French photographer Alexandre Souêtre was haphazardly introduced to the world of art as a child; first through the work of 1970s illustrators Marcel Gottlieb and André Franquin. However, his passion for photography did not begin until later in college and was furthered by his move soon after to Los Angeles to pursue filmmaking and photography seriously.
With photographic editorials and film productions for the likes of Schön! Magazine and The Photographic Journal, the horizon of Souêtre’s future looks promising. Balancing his visual art across various forms, be it moving image, portraits, still lifes, landscapes, or fashion shots, the photographer prefers his work to remain a little mysterious. “I realized that I was, in fact, truly drawn to the still, the calm, the non-happening, the intimate, the subtle, the lost, the minimal, the ever-so-slightly off, and odd,” he explains in an interview with Leux Magazine.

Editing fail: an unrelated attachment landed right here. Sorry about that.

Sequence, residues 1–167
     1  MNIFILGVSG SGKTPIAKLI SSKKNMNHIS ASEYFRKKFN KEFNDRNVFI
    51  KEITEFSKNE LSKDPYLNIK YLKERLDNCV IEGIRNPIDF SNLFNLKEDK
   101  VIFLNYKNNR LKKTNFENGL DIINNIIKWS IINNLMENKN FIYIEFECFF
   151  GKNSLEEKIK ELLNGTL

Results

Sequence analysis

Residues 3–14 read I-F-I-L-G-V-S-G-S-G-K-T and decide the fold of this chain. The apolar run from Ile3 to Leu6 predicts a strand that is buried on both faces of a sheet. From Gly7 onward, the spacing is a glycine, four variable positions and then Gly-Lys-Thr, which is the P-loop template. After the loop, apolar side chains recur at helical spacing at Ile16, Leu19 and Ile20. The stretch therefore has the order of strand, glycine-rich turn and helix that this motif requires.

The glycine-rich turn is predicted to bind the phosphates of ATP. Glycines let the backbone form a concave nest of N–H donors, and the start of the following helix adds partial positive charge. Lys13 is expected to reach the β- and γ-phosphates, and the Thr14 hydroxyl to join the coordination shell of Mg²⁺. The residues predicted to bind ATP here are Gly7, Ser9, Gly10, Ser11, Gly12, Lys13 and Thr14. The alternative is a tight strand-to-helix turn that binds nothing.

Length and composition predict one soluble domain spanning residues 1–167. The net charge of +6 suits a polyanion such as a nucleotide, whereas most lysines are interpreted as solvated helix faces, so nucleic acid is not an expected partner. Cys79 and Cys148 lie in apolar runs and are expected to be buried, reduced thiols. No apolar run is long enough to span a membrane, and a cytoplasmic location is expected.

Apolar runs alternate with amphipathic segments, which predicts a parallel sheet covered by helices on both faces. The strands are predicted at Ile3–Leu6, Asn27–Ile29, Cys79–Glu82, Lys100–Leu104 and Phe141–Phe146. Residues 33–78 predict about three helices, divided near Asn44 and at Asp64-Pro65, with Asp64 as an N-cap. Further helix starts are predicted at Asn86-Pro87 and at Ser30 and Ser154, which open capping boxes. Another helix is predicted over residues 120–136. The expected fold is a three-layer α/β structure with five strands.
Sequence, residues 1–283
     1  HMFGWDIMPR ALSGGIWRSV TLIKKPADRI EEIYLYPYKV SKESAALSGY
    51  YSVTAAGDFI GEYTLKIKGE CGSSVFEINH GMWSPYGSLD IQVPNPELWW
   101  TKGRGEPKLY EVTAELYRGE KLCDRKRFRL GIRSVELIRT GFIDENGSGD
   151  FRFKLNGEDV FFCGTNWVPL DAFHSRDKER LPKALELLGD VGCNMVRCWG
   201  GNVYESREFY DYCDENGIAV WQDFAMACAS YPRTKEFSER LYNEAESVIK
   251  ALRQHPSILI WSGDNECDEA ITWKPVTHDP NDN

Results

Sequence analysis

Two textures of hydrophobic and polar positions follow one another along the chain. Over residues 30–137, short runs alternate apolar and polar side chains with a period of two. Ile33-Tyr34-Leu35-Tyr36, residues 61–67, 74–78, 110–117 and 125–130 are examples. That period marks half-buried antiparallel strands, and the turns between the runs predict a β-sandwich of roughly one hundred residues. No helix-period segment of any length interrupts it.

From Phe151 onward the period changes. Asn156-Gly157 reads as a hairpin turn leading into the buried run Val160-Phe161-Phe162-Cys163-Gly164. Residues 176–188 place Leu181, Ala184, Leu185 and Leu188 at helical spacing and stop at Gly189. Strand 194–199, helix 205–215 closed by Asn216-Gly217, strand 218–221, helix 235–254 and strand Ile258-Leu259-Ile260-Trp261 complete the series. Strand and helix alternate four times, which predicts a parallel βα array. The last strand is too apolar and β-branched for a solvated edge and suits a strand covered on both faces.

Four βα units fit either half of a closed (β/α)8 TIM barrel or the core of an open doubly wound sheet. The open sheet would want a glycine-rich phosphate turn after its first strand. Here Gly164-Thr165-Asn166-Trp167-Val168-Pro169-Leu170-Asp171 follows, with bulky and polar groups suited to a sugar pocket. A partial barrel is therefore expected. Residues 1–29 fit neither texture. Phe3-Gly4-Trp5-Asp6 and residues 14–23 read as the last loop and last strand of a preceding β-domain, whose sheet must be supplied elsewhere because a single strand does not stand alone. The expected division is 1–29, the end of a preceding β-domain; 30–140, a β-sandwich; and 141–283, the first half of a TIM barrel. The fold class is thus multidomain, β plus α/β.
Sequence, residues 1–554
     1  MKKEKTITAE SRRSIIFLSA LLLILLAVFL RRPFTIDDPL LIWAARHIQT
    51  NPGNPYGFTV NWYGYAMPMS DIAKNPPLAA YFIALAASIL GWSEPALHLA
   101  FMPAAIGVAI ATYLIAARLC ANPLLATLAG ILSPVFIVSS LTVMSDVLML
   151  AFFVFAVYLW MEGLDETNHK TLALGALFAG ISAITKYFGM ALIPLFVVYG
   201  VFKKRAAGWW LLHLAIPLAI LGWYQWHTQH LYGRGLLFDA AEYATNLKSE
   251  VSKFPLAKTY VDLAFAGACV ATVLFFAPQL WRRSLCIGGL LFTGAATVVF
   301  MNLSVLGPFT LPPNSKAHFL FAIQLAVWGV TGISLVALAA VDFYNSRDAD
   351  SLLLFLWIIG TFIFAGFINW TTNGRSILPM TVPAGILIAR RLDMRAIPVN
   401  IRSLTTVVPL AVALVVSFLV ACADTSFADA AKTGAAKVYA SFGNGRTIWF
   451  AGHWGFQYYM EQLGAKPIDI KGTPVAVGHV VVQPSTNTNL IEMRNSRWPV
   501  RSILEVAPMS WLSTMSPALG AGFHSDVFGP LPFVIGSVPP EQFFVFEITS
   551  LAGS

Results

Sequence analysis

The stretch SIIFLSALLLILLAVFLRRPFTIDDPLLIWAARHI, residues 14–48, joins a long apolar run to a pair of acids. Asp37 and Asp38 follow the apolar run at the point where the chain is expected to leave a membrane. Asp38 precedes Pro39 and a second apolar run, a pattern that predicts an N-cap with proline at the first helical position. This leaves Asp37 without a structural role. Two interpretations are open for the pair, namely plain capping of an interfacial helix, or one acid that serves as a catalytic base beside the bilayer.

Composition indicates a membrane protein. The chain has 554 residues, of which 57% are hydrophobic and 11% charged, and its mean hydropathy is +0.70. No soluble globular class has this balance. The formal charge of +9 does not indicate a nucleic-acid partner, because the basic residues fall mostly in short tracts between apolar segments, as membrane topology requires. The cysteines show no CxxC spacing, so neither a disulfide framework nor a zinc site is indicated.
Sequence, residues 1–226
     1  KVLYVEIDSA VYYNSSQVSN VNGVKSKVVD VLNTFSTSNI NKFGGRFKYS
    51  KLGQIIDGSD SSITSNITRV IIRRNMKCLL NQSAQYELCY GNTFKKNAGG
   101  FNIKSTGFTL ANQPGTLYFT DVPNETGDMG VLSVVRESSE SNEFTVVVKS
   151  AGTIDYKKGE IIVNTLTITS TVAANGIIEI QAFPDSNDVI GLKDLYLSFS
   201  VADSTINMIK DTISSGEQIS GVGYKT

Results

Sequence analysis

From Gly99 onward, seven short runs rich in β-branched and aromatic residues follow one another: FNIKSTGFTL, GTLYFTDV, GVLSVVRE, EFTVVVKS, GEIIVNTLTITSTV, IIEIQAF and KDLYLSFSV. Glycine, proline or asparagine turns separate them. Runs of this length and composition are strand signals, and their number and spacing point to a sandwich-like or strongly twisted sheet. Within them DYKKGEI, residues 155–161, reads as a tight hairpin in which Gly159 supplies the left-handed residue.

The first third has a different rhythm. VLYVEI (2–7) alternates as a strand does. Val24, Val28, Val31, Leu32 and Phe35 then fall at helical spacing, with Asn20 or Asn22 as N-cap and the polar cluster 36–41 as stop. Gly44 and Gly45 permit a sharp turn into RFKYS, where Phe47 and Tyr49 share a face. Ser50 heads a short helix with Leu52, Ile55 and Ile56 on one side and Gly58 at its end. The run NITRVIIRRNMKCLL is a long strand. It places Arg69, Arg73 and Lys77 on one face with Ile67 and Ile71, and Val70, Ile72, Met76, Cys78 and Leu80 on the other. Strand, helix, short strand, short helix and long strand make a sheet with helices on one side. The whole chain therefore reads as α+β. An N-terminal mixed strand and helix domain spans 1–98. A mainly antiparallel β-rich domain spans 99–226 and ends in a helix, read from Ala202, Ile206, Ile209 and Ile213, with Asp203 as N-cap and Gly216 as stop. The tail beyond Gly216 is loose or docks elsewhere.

Whilst the overarching theme explored is his work is the melancholia and mystery of human experience, Souêtre’s style is certainly distinguishable: a predominantly beige and monochrome color palette is united by minimal frames centered around light, tone, shadow, and texture. In the selection of images curated below, the viewer discerns Souêtre’s paradoxes: there is movement, but silence; there is clarity, but anonymity; there is innocence but confidence—beautiful images linked in their use of both emotion and emotional detachment.